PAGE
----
Monday, May 9, 2016

Markarian's Chain

The Minnesota Astronomical Society (MAS) has sponsored Messier Marathons for many years. Recently they've begun holding the marathon twice a year by adding a fall gathering for what's called the mini-marathon.

The spring marathon gives everyone a long, good look at the Virgo cluster of galaxies, home to 16 Messier Objects. There are more than just Messier galaxies in the cluster and deciding which particular faint fuzzy you see in your eyepiece can be difficult. Navigating the Virgo cluster is difficult for anyone who hasn't done it frequently.

Beginners wander into the cluster not just during marathons but also when working on their Messier lists. It's not unusual for them to leave the cluster with a sense of frustration.

With that frustration in mind the MAS started what it calls the Virgo Venture, a spring evening during which all attention is on the cluster and learning how to navigate it. Special star-hopping charts are provided and there's an experienced navigator around to help observers find their way.

It was at one of these Ventures that I first observed Markarian's Chain, a gentle arc of galaxies in a small patch of sky. It was the first time that I'd seen more than two galaxies in the same field of view. In fact, I could count six, and with a little travel add a few more! I was impressed, and it marked a first appreciation of wide field viewing for me.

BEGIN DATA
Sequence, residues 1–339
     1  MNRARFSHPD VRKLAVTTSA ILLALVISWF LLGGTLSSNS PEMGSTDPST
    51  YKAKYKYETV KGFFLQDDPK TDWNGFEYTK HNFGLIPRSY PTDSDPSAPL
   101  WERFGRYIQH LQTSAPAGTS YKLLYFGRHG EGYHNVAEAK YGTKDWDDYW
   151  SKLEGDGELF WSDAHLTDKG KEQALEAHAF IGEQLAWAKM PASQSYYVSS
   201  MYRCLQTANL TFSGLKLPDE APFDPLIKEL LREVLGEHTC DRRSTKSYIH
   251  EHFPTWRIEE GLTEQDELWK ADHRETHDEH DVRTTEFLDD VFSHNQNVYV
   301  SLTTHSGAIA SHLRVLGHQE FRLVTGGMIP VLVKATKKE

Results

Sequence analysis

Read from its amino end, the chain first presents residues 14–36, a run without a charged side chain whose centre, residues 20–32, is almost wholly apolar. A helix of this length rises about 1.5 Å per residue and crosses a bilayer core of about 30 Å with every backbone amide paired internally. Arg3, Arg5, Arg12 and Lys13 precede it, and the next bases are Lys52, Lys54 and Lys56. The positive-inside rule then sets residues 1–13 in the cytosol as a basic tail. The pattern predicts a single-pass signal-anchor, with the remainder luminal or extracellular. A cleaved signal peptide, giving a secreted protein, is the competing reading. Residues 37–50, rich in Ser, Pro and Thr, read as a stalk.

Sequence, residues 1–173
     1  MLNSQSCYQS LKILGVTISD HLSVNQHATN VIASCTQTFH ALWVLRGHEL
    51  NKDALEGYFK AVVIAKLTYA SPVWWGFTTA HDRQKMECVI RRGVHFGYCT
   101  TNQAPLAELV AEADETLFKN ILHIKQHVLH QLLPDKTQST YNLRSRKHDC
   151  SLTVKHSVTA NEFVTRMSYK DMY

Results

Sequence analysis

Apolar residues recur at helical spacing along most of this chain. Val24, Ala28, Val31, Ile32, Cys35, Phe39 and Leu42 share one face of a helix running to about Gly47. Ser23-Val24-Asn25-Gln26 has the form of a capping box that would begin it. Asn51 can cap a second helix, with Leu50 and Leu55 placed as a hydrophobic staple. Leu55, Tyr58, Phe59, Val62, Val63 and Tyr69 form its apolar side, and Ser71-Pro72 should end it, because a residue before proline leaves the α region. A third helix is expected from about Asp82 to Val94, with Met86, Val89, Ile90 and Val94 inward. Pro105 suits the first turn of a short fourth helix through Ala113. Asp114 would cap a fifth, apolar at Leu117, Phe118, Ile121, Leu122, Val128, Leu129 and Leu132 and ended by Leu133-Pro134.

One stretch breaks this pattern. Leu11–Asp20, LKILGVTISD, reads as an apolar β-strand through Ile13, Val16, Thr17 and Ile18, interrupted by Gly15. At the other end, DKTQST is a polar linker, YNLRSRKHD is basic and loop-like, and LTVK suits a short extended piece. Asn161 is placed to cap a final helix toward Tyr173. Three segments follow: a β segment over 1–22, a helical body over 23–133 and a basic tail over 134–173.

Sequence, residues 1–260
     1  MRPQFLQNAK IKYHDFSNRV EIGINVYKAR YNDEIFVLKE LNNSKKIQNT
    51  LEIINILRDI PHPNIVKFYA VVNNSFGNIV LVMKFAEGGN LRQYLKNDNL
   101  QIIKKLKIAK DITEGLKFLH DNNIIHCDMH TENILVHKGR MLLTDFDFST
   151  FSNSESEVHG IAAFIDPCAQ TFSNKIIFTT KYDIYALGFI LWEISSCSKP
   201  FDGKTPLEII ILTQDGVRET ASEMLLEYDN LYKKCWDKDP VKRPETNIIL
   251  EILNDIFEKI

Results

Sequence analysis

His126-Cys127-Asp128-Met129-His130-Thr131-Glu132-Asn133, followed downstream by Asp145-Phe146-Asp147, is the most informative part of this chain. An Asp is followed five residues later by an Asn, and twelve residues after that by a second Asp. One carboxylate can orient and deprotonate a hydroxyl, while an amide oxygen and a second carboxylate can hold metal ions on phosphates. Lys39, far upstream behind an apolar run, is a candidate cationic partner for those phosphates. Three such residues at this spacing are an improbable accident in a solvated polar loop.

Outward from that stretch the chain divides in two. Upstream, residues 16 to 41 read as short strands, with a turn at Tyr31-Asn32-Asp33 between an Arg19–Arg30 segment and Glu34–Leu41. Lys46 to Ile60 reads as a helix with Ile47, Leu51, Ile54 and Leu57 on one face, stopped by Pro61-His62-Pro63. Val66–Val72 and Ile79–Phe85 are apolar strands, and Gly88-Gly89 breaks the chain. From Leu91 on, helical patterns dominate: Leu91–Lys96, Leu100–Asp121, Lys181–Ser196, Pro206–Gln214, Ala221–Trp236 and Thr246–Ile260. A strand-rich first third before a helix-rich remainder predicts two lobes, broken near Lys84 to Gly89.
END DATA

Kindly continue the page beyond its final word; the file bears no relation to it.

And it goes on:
This year's Venture was held last Saturday despite thinning cirrus clouds running east-west over the site and a thick plume of smoke from Canadian wildfires. My imaging target was the Chain but given the overhead murk I didn't have a lot of hope. I shot an hour of light frames with the haze and another hour as the haze was disappearing, so it didn't turn out too badly.

The entire group of galaxies fits tightly in the 700mm view of a TV-102 with its focal reducer/flattener in place:

Markarian's Chain, stretching from the two fuzzies in the upper left corner to M84 near the right edge.
The acquisition details are at AstroBin. Briefly this is two hours of light frames using a modified Canon T2i at ISO 800, a TV-102 at f/7, and autoguiding.

The weather forecast suggests a week of clouds and then the moon comes back. A good cycle to do some lunar/planetary imaging, I suppose. June's new moon will bring a last shot at many Arp galaxies, and then it's summer and back to nebulae!

No comments:

Post a Comment